In writing there are milestones, but usually nobody throws you a party to celebrate. Finish that first book, or send out the first round of query letters, friends may buy you a drink - or if you're really lucky, dinner. Going to your first conference, networking and getting an audience with an editor or agent is a huge milestone. Everybody will cheer when you get published, but *sometimes* that can be a long time to wait. Great friends will toast to your continued success, but in the end, it's the milestones YOU celebrate that mark your progress in this business.

So my advice - for what it's worth, LOL! - is to celebrate those moments in writing, even if you don't feel it's worthy of mentioning. If you belong to a writer's group, let them know you hit a milestone. If you have writer buddies, email them a quick note that you've accomplished something great. Have a virtual toast if you don't live close to your critique partner or writing friends. BUT CELEBRATE YOUR ACCOMPLISHMENTS. Nobody is going to beat down your door to congratulate you.

Here are just a few, if you want to write them down:
  • Book completed
  • Queries out to editors and/or agents
  • Request for more pages from queries to editors and/or agents
  • Rejections (because you're sending out your work!)
  • Pro Status at Romance Writer's of America (requirements: you must be a member of RWA, completed a book AND received a rejection from editor or agent - hey, a reason to celebrate that rejection!!)
  • Book sale, or even a phone call from interested editor and/or agent
  • Landing that coveted agent
  • Book deal (2+ books)
  • Movie deal and/or interest in book for a movie

This is not a comprehensive list, they're just milestones off the top of my head. I'm celebrating that I'm making progress toward my goal every week. 26,00+ words and counting. You may have more, or less. Tell me - what are the milestones you celebrate?

Friday, June 4, 2010

Flying into the Mist ....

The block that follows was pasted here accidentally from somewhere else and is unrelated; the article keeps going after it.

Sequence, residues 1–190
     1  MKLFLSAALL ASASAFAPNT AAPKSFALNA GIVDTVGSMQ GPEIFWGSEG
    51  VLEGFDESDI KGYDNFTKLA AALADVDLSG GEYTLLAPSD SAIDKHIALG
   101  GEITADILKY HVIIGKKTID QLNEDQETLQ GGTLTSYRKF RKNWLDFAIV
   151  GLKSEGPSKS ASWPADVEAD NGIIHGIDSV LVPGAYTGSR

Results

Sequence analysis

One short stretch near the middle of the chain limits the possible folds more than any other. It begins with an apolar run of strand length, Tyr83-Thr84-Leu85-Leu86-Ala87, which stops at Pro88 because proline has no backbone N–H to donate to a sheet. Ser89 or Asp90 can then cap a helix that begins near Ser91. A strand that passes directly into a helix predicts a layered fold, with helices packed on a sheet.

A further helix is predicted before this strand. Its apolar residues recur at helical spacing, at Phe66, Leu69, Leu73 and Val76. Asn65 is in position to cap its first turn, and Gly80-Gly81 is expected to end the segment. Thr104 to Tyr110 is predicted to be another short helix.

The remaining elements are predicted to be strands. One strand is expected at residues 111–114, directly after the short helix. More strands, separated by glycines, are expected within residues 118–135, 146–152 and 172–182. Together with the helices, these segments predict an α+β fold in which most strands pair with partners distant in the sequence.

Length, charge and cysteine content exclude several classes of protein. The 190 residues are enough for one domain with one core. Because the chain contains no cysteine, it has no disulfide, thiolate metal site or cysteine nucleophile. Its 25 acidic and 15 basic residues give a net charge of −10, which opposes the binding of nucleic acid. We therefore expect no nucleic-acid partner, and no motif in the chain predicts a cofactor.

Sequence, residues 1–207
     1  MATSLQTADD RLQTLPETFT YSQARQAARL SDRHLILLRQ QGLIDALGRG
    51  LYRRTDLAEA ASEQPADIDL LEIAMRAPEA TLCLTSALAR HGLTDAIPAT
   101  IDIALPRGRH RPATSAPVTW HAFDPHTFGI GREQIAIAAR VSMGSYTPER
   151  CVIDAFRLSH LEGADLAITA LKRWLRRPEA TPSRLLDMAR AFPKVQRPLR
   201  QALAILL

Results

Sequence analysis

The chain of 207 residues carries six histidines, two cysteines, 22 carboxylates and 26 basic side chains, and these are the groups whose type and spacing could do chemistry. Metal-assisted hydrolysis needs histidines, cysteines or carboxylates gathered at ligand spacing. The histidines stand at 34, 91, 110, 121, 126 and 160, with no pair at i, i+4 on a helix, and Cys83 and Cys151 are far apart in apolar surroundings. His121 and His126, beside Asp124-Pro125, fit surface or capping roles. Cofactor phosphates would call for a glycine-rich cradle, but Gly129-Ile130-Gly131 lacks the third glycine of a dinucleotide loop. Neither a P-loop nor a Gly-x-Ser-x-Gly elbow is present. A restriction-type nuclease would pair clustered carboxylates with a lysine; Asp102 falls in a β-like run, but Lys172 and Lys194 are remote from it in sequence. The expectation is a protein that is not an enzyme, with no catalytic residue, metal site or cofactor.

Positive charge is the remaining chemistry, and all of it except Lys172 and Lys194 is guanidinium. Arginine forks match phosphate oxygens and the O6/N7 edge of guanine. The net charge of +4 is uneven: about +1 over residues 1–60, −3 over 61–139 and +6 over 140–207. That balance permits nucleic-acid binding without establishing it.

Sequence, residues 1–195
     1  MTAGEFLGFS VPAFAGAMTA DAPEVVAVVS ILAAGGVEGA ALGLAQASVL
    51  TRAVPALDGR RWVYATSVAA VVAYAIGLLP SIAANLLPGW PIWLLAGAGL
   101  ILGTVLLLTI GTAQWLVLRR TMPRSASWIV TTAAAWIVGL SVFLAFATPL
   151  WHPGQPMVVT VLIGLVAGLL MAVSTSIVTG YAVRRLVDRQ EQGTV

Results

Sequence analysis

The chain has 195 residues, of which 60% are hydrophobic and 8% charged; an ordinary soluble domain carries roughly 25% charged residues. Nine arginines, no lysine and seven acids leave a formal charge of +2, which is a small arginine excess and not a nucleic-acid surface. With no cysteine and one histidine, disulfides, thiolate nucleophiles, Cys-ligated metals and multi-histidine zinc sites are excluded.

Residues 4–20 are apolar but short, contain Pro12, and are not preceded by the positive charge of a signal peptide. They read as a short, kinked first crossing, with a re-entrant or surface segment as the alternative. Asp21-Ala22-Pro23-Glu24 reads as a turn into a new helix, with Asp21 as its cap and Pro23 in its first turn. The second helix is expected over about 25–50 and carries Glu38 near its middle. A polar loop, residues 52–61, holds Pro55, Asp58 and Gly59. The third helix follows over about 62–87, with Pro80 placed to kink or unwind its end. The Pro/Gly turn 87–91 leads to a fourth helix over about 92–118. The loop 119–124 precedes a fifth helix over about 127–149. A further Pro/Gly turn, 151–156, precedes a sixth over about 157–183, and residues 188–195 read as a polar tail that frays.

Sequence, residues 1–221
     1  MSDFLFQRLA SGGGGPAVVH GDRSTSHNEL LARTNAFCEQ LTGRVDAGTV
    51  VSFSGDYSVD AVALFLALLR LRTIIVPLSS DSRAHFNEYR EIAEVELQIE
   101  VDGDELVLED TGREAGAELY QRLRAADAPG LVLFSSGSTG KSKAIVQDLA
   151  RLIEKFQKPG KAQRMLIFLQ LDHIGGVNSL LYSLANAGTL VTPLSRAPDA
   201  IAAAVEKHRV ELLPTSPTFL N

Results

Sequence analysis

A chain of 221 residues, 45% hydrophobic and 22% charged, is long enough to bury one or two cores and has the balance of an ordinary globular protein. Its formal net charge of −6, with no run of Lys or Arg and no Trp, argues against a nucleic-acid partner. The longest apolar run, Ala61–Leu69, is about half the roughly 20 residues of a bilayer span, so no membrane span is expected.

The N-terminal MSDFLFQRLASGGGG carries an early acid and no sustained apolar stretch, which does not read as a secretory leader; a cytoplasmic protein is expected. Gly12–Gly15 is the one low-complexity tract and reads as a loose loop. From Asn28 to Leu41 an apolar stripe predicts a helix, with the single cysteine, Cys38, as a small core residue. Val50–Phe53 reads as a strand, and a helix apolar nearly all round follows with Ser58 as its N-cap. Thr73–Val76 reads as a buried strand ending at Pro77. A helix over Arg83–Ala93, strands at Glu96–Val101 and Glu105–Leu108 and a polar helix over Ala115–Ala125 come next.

Mentioned in my prev blog, when I started my current project - tentatively titled THE GATHERING PLACE (named for the bar the heroine owns) - I was pretty much "flying into the mist"; not unlike driving at night, on a dark back road, in the fog. In talking with my BFF yesterday Susan Lute (yes, I'm still twelve, LOL!) I realized that I LIKE not knowing where I'm going on a manuscript. I trust the process, that my muse (or girls in the basement) will come through.

That way, I get those unexpected scenes that pop up out of the fog, like when the Heroine's ex-boyfriend shows up, appearing to stalk her. This ties in two - no, three - ways: First, the Hero gets all protective and jealous - yay! Perfect timing. Second: it introduces back story without an info dump - I may be able to delete some earlier back story narrative. Third: he could be the bad guy. Score!

Have you had those unexpected scenes show up that became a pivotal part of your book?

Oh, and I topped 21k this week and am in Chapter 8. So ...

Fly into the mist, my friends, you'll have company and the weather is great :-)

Monday, May 31, 2010

Three Day Weekend ... Bust

Whenever I think about a long weekend, all I can think is all the writing I'll get done. I envision writing from the time the sun comes up, until I force myself to finally go to bed in the wee hours of the night, producing large amounts of brilliant works that will set the world on fire and garner me fame and fortune.

BUT, I have a family. The kids are grown, but still very much involved in our lives (or is it vice-versa?? LOL!). The hubby actually wants to spend time together, go figure. So in reality, my weekends often revolve around family, as it should be. I have been able to carve out an hour each weekend day, even though I'd given myself permission to have one day off.

This past weekend, though, I completely fell off my 'write at least 675 words or an hour a day' bandwagon and didn't write anything but emails on Saturday. I do have an excuse, if you're interested ... pain. My body has decided that my female parts are not welcome anymore and they are desperate to get rid of them. Finally I resorted to Vicodin, which made me feel like I was in a boat, even when I was walking. Evil stuff, that.

So, Sunday rolls around. I get up at the butt-crack of dawn, because the body says so and will not let me sleep anymore. I stumble out to the kitchen to coffee up and zombie walk to my office and turn on the computer. Nobody is awake and wants to play, even in cyber-land. I've often told myself that I can't write at home, too distracting. (There's that "can't" word again! D*amn it!) With nothing else to do, literally, I decide to put in my earphones and see if I can dash off a couple of words on my WIP or at least figure out what my characters next move will be.

Probably took longer than an hour, I really wasn't paying attention, but exceeded my goal for Sunday, writing 902 words. Today I wrote 762, so at the beginning of the week, I'm ahead by 314 words, if you're counting. Whoohoo!!

Friday, May 28, 2010

A Painful Journey to Discovery - Part Deux

(continued from previous blog) For someone who has always had the next book just begging to be written, I was all but hyperventilating with panic. Then a good friend of mine (thanks APD!) said to just describe the bar. Not really write a scene or anything, just write it down in detail. That did it. As soon as I imagined what the bar looked like, the first scene popped fully-formed into my head.